BACKGROUND OF THE INVENTION

1. Technical Field

This invention relates generally to public key cryptography, digital signatures and public key infrastructure (PKI). More specifically, it relates to the generation and use of records and digital receipts for transactions.

2. Background Art

As a result of the increasing popularity and acceptance of the computer and the Internet and other forms of networked communications, electronic transactions and documents are increasing in number and significance. For example, the volume of consumer purchases, business to business commerce, and stock trading and other forms of investing which occur over the Internet and/or wireless networks is steadily increasing, as are other forms of online commerce. In addition, the number of documents which are generated or available electronically and the number of documents which exist only in electronic form (e.g., the paperless office) are also steadily increasing.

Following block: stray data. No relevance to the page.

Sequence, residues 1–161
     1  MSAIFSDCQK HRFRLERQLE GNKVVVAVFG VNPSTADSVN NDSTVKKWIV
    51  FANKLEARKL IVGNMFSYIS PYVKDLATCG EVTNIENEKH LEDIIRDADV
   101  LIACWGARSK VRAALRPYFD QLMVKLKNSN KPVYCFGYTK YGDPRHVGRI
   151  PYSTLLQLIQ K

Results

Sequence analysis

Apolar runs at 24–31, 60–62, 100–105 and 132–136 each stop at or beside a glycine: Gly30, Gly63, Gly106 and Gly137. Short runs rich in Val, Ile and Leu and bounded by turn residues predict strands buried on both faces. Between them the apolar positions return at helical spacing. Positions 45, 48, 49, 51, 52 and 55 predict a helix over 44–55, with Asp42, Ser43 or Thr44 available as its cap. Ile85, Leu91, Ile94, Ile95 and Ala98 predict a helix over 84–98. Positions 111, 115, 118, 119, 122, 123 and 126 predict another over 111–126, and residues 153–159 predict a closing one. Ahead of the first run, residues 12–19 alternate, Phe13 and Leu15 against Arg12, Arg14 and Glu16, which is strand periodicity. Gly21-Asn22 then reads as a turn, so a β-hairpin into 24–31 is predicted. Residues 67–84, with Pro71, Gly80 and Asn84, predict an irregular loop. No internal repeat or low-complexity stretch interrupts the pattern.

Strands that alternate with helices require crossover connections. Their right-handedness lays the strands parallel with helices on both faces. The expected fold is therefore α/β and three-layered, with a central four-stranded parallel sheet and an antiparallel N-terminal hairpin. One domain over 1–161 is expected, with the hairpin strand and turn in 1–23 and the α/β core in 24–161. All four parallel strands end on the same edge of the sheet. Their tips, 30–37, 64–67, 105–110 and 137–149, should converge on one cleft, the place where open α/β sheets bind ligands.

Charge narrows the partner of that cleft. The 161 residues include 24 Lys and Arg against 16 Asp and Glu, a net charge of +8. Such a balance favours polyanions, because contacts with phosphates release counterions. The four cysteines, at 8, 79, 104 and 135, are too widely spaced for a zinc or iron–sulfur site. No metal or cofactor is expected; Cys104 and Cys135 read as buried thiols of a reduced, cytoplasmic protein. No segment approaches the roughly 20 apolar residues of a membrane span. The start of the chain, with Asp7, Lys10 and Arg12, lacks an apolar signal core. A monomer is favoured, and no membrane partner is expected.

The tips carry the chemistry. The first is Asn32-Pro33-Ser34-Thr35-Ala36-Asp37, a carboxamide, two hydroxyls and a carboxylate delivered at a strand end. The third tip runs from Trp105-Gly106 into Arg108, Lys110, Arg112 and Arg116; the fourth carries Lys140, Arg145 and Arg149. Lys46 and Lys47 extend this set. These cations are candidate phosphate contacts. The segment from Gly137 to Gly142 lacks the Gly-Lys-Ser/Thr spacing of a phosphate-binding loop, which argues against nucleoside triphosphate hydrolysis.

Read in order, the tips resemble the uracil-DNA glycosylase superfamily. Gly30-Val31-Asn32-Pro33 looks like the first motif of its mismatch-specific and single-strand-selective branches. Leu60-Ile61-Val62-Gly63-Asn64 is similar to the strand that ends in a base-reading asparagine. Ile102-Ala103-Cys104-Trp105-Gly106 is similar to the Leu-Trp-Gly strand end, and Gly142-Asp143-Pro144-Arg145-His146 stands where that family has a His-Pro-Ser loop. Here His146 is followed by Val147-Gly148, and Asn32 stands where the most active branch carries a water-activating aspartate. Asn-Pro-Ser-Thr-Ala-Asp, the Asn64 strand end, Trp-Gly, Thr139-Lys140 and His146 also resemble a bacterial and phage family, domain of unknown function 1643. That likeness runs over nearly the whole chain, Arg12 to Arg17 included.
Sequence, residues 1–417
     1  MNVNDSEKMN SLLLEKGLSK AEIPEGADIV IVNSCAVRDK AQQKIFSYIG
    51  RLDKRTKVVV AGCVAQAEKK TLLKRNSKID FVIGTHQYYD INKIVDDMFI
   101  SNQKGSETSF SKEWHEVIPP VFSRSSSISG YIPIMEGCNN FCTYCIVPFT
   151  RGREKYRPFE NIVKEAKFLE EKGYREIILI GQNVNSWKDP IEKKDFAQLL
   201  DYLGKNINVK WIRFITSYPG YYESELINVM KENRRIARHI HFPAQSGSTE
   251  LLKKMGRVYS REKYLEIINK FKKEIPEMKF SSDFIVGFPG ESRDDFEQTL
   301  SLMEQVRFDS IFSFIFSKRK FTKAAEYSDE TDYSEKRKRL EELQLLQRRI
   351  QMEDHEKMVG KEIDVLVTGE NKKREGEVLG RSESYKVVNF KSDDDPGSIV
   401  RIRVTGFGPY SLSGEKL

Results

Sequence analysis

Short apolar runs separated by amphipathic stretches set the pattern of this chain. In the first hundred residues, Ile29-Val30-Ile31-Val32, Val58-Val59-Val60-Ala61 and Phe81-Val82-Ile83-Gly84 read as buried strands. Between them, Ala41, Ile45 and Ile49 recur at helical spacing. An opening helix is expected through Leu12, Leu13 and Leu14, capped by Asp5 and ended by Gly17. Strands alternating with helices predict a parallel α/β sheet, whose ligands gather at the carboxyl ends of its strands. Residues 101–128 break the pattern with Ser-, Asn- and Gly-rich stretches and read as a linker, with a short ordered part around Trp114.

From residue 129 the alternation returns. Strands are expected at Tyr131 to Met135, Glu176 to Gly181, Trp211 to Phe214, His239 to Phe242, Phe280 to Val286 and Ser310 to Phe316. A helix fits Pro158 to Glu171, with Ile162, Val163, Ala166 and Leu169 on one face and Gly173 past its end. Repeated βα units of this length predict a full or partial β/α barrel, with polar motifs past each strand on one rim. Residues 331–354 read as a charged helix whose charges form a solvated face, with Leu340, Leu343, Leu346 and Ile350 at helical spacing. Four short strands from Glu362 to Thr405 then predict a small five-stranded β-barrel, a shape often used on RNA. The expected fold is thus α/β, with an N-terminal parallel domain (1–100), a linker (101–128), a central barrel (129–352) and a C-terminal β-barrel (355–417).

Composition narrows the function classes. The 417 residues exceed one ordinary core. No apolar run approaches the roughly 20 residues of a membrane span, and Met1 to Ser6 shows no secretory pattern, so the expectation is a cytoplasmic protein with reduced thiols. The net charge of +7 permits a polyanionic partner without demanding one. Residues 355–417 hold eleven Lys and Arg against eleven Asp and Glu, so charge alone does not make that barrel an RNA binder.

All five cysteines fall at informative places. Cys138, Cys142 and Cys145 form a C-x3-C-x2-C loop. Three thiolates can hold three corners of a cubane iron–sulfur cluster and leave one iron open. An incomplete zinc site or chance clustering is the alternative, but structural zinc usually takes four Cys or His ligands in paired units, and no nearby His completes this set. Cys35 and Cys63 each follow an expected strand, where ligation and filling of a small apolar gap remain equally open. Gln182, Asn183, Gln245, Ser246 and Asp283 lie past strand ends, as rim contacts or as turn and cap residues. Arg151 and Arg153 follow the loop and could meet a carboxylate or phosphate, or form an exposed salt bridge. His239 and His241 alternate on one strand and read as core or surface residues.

The increasing number of electronic transactions and documents leads to a corresponding need for reliable methods for making records of these transactions and documents. For example, when a consumer purchases an item over the Internet using his credit card, it is desirable to make a reliable, non-disputable record of the purchase. If two corporations electronically “sign” a contract, it is desirable to record both the act of signing and the contents of the contract. In the paperless office, it is desirable to “digitally notarize” certain documents, thus ensuring that their existence at a specific time can be proved at a later date.